Madge Allsop

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Madge Allsop (born Marjorie Kiri McWhirter) is a fictitious character invented by satirist Barry Humphries as the long-time companion (and former bridesmaid) of his most popular and enduring character, Dame Edna Everage. First mentioned in Edna's monologues in the 1960s, Madge was subsequently depicted on stage, TV and film, over three decades, by several people. The character was discontinued following the retirement of British actress Emily Perry, who played the role for over 15 years.

Origins of character[edit]

When Barry Humphries first began to perform as Edna Everage during his one-man shows, the character of Madge Allsop, Edna's bridesmaid and companion, was only ever mentioned in passing and never actually depicted on stage. By the early 1970s, Madge was an increasingly strong presence in Edna's on-stage musings, but still remained unseen. In Barry Humphries' 1971 Australian show, A Load of Old Stuffe, her monologue was entitled "Edna and Madge Allsop in Stratford",[1] while a later one, performed in the 1974 show At least you can say you have seen it, was entitled "Polish up your Kiwi (with Madge Allsop)".[2]

In 1976, Humphries decided to finally bring Madge Allsop to life with an appearance in his new BBC TV series, The Barry Humphries Show. She was portrayed by the London-based expatriate Australian actress Madeleine Orr, who appeared as Madge on several subsequent occasions until her death three years later. Over a period of almost thirty years, from 1976 until 2003, the adult Madge Allsop was portrayed by at least six different people:


Film and television[edit]

Madge Allsop was first portrayed on television in 1976, when she appeared (played by actress Madeleine Orr) in an episode of the BBC series The Barry Humphries Show. Following Orr's death in 1979, the role of Madge was re-cast. She appeared alongside Dame Edna on the BBC Parkinson show in 1982, with her face covered in bandages. The character was written into Humphries' 1987 film, Les Patterson Saves the World, and was portrayed, as a one-off appearance, by Australian actress Connie Hobbs. Later that same year, Humphries announced his search for "definitive Madge", who would appear alongside Edna in his new BBC TV series, The Dame Edna Experience. Of the audition, Humphries recalled, "all of them tried too hard. Some were whimsical, some camp, but most were far too over the top to resemble an oppressed, inarticulate New Zealand spinster whom life had passed by."[3] However, after they saw Emily Perry's understated performance, they knew that they had found the perfect Madge. As she later recalled, "I did nothing at the audition, and I've done nothing ever since."[4]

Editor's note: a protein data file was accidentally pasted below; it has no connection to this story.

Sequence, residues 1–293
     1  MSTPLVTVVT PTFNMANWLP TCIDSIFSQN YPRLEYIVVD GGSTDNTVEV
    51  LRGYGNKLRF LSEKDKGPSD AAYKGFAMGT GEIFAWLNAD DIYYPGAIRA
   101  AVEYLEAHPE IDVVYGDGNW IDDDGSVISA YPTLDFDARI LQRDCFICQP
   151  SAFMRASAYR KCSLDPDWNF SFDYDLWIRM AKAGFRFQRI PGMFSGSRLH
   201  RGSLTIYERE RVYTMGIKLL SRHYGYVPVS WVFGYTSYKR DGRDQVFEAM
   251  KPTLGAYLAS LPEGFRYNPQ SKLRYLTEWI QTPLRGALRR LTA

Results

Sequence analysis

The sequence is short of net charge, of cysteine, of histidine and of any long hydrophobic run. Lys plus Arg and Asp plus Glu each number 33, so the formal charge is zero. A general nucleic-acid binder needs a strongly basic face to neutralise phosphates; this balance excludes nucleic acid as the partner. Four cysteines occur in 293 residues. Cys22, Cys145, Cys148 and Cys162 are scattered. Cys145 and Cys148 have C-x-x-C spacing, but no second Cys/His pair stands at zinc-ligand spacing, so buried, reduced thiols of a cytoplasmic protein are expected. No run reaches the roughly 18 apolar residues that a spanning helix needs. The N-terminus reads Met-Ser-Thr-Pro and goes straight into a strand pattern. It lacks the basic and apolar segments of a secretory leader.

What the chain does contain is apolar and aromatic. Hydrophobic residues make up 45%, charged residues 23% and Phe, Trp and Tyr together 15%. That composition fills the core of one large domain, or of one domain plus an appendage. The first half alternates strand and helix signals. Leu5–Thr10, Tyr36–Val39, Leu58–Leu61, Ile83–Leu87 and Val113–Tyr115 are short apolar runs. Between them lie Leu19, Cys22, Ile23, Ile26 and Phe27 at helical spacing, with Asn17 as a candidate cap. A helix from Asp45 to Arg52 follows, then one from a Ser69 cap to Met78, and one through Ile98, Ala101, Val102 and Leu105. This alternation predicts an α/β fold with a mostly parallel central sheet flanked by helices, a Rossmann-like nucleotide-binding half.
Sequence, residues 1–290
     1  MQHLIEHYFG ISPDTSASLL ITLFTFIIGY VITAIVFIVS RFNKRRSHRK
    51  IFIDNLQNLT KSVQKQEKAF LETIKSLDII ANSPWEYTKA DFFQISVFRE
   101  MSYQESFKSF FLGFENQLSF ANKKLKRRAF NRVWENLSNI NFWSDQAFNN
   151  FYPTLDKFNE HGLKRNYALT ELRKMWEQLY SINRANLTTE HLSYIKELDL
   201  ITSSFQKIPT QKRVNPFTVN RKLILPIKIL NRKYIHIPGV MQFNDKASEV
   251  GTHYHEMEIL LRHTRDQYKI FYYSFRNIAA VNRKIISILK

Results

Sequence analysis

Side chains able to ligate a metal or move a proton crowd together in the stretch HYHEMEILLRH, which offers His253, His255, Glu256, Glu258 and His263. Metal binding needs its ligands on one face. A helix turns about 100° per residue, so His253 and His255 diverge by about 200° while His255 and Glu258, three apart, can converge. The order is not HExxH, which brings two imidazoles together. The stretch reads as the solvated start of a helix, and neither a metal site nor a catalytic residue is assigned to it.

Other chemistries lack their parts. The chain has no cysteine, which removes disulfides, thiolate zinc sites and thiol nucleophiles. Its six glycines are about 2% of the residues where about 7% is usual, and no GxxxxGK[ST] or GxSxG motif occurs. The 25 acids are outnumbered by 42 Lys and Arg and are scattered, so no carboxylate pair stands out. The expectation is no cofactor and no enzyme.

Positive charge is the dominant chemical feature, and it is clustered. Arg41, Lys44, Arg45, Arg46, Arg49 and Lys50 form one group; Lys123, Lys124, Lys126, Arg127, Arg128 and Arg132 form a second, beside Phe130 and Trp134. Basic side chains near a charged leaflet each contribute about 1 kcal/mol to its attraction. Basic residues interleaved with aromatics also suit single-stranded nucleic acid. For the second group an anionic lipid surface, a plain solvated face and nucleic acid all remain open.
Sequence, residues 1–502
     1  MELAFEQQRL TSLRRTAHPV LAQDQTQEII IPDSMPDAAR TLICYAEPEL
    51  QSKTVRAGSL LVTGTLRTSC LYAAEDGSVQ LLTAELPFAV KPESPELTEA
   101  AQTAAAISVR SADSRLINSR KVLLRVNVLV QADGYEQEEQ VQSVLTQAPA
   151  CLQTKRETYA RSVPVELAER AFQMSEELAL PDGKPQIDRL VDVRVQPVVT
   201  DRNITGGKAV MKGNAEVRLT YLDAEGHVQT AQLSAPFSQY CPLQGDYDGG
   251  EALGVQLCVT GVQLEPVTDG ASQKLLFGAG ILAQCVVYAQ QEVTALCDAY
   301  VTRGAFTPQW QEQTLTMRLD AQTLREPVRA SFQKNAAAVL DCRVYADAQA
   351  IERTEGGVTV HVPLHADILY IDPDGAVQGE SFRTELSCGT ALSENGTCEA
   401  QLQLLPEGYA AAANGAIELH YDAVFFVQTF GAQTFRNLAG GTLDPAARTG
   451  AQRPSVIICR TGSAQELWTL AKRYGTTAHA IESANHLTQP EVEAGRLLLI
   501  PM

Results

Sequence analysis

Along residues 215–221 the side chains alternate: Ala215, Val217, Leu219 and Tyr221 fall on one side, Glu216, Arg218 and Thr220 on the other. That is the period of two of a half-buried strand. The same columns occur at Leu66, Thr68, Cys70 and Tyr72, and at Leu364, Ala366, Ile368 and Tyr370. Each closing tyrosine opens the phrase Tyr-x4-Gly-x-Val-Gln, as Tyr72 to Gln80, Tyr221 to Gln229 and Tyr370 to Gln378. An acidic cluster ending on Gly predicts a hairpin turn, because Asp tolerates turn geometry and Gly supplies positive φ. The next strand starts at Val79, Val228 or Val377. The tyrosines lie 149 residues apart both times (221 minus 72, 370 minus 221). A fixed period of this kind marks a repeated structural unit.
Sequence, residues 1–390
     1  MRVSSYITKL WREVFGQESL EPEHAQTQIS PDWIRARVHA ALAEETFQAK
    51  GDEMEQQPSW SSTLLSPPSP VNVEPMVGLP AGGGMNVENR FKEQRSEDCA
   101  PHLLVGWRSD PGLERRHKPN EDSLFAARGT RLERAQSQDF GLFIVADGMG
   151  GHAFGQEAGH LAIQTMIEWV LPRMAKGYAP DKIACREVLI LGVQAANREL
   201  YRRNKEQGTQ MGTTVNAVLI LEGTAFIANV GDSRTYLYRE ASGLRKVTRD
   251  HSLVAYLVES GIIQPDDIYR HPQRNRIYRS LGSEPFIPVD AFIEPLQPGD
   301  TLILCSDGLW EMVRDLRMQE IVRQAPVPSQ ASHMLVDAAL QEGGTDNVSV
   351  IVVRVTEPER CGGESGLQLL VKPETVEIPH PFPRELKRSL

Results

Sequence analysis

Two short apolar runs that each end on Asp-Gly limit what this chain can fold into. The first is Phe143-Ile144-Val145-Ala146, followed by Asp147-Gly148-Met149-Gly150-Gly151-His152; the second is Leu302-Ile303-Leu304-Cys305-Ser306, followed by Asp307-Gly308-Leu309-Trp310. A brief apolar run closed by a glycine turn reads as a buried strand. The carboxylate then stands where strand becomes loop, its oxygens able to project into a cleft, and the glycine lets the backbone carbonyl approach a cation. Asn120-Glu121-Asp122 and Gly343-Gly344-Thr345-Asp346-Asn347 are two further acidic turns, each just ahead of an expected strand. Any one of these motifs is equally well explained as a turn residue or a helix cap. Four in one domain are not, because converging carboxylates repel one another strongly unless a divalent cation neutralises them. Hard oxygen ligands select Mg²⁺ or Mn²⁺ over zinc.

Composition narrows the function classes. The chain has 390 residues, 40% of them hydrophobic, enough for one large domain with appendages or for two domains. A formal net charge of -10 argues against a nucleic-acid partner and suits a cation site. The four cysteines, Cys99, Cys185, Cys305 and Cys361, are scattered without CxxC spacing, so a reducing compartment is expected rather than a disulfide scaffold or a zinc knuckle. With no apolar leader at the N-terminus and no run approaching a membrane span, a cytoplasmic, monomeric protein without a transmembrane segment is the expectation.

Emily Perry's appearance on the Dame Edna Experience was well-received; she subsequently became the definitive Madge Allsop, reprising the role in many of Humphries' other TV specials, including One more Audience with Dame Edna Everage (1988), A Night on Mount Edna (1990), Dame Edna's Neighbourhood Watch (1992), Dame Edna's Hollywood (1993) and Dame Edna's Work Experience (1996). Perry's last on-screen appearance as Madge Allsop was a cameo in the TV special Dame Edna lives at the Palace (2003), in which the then 97-year-old actress was 'caught' in bed with Ozzy Osbourne.

Emily Perry became so strongly identified with the character of Madge Allsop that, after her retirement in 2004, the character of Madge was also retired, as it was felt that no other actress could ever recreate her. When Humphries embarked upon a new TV talk show in 2007, The Dame Edna Treatment, the role of Dame Edna's silent scapegoat was filled by an actress portraying her errant (and hitherto unseen) daughter, Valmai Gittis.

In Print[edit]

Madge Allsop has been referenced in a number of books written by Barry Humphries since the mid-1970s. Photographs of Madge (as portrayed by Madeleine Orr) appeared in Dame Edna's Coffee Table Book (1976) and The Sound of Edna: Dame Edna's Family Songbook (1979). Because of Orr's death from cancer that same year, Madge was subsequently portrayed in Humphries' next book, Dame Edna's Beside Companion (1982), by an unidentified stand-in, whose entire head was concealed by bandages. For the purposes of the narrative, this was explained away by the claim that "Madge" had recently undergone cosmetic surgery.

The character of Madge Allsop figured prominently in the book My Gorgeous Life (1989), which, although written by Humphries, was purported to be an autobiography of Dame Edna herself. The book provides much background to Madge and Edna's ongoing friendship, and includes a detailed account of the death of Madge's husband, Douglas Allsop, whilst on their honeymoon in Rotorua. In the line drawings that illustrate the book (drawn by John Richardson), the young Madge is depicted as a recognizable caricature of Emily Perry.